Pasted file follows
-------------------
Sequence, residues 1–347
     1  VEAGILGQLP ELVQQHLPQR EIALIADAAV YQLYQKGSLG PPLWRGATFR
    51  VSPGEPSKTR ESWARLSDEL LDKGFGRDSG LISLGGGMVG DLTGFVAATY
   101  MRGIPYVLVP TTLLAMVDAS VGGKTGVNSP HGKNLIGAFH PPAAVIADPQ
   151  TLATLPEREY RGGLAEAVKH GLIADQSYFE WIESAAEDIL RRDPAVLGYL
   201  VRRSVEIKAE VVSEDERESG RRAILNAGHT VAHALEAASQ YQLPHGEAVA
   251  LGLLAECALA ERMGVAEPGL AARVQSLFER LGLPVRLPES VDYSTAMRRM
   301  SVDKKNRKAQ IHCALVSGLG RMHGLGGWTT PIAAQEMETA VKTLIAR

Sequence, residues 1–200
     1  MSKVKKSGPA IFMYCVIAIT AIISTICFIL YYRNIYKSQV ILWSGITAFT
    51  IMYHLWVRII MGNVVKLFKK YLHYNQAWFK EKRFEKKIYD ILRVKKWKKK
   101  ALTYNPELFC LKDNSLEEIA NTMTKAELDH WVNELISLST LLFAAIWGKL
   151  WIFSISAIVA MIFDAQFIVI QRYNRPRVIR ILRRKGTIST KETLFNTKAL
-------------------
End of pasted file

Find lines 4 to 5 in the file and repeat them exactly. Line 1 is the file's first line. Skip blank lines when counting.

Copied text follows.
   101  MRGIPYVLVP TTLLAMVDAS VGGKTGVNSP HGKNLIGAFH PPAAVIADPQ
   151  TLATLPEREY RGGLAEAVKH GLIADQSYFE WIESAAEDIL RRDPAVLGYL